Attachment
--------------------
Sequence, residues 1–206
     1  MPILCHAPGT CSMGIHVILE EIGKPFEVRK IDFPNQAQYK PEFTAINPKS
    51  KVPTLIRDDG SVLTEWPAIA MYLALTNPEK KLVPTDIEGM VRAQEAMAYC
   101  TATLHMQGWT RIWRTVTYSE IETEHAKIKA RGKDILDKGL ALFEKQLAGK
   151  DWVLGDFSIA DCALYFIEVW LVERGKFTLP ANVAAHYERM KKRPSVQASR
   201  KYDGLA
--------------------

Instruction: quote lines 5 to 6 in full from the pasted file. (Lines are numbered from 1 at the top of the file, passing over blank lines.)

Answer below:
   151  DWVLGDFSIA DCALYFIEVW LVERGKFTLP ANVAAHYERM KKRPSVQASR
   201  KYDGLA